Raise a Glass to Churchill: An Ode to Gin
Jon Rich breaks down the history of gin for In The Midfield. Read on for your gin cocktail 101.
Legend has it that Winston Churchill loved gin martinis, but had a peculiar preference with the vermouth. Churchill was famously quoted as saying that when making the drink, one should not actually add any vermouth. Instead, he said, “glance at the vermouth bottle briefly while pouring the juniper distillate freely”. Always the statesman, Churchill apparently also said that the only way to make a proper martini was to pour a glass full of ice-cold gin and bow in the direction of France. I can’t think of any U.S. President who was that cool or loved gin that much. Maybe that was the secret to his extraordinary oratory skills. Or, maybe it was his accent. Either way, if gin was Winston Churchill’s poison of choice, it’s most certainly good enough for us commoners.
Gin, my friends, is a spirit, primarily derived from wheat, to which botanicals are added during the distillation process. These include herbs and spices like coriander, nutmeg, orange peel, angelica, elderflower, cinnamon and of course, juniper. Indeed, the word gin is a derivative of “juniper” from several different languages.
Although we tend to think of gin as a British spirit, it was actually first distilled by the Dutch in the 16th Century. Gin didn’t become British until the Thirty Years’ War in the 17th Century, when British soldiers, who were stationed in the Netherlands, took a liking to what they called Dutch Courage, which was really Dutch gin that warmed their tired bones and numbed their fear so that they could more easily go into battle. Soon thereafter, the British took such a liking to Dutch Courage that they brought it back to the U.K. Nowadays, a gin and tonic is “the” quintessential British cocktail. In fact, perhaps the most popular style of gin is the London dry variety.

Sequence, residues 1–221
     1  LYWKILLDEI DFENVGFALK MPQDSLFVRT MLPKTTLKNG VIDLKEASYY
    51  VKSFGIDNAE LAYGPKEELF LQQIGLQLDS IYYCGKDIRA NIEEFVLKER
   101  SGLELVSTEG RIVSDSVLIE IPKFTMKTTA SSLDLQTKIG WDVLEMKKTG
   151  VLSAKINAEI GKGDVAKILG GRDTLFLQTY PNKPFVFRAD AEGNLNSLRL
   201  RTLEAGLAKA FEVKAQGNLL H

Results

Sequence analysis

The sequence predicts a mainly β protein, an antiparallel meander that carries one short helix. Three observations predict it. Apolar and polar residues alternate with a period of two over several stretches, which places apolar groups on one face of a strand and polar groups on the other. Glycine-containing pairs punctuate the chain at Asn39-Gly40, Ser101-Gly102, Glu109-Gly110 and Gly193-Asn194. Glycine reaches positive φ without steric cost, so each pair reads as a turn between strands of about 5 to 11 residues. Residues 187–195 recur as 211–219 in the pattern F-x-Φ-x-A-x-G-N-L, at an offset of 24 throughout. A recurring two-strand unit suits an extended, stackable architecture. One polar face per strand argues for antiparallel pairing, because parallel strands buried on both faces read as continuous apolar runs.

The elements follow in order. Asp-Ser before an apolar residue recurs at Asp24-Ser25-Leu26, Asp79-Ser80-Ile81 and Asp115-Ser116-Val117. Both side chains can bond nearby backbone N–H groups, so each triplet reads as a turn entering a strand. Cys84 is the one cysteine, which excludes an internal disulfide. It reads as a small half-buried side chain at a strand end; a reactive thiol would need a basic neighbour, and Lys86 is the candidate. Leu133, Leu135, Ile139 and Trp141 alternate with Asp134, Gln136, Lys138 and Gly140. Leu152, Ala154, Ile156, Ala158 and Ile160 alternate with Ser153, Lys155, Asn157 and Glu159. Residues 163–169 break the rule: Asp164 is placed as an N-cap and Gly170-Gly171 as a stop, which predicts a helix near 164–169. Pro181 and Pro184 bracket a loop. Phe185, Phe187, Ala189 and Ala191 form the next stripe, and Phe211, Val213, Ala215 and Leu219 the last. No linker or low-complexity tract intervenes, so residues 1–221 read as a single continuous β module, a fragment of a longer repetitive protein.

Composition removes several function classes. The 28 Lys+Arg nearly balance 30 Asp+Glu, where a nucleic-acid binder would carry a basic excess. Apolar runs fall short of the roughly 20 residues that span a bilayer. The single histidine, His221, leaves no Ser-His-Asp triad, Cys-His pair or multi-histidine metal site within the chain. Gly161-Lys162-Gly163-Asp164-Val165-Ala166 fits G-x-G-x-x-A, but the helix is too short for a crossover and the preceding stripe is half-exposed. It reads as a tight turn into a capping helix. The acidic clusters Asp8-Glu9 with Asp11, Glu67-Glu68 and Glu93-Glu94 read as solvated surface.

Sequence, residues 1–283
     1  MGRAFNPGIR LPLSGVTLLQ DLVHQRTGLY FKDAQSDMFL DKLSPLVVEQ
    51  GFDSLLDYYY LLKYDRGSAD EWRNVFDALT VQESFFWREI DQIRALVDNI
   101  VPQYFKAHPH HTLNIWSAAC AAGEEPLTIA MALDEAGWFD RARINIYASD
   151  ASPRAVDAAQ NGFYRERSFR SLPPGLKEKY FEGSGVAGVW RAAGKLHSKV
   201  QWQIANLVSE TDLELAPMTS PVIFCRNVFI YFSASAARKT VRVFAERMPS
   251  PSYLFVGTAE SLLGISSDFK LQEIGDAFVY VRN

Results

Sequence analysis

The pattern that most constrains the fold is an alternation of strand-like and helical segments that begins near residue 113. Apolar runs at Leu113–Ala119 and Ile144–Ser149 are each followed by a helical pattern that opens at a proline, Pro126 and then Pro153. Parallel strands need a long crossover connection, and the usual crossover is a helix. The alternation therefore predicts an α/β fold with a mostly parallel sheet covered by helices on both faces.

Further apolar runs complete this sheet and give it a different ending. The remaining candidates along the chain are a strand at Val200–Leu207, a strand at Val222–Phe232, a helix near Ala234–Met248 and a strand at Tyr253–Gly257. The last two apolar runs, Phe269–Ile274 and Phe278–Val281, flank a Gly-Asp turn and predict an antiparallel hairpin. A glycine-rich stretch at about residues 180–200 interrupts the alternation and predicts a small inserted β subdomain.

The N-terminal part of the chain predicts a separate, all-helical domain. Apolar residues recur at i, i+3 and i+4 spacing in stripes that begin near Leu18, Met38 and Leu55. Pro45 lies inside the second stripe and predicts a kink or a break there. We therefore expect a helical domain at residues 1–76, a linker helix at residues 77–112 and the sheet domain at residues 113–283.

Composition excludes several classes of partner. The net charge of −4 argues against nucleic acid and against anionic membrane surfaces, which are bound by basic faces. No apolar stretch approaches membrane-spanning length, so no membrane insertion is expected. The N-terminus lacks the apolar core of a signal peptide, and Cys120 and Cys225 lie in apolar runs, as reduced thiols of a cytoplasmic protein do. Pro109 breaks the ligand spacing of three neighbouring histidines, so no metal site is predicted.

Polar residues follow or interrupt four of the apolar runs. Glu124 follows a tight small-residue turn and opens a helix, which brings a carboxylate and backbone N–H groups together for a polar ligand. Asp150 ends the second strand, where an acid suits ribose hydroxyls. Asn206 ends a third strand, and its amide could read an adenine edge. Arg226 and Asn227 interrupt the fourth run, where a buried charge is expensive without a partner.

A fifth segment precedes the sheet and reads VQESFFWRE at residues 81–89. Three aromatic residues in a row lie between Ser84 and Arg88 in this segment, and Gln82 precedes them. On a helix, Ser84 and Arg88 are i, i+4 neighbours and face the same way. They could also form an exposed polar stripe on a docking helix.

Gin comes in a few different styles, mostly characterized by slight variations in the subtle, herbal flavoring. London dry gin is, unsurprisingly, the “driest” – think cleanest, less sweet and less herbaceous, e.g. Tanqueray, Beefeater and Bombay Sapphire. Happily, many newer, American craft distilleries are producing some delicious London dry style gins. Although there are many here in New York, my favorite is Greenhook Ginsmiths from Greenpoint, Brooklyn.
The major difference between American dry gin and London dry gin is that the juniper we grow here is much more pungent than British juniper, so naturally that flavor tends to be more pronounced.
Other popular types of gin include Plymouth, from England, which is sweeter than London dry international options that add flavors like cucumber and rose, e.g. Hendricks from Scotland. And, then there is Old Tom Gin, a sweet gin, and the traditional foundation of a Tom Collins - gin, lemon, soda and sugar. Okay, everybody good? Let’s make some gin cocktails next week.
Jon Rich is In the Midfield's Men's Lifestyle Editor. He is also a practicing attorney in NYC.
Picture Credit: Greenhook Ginsmith, Astor Wines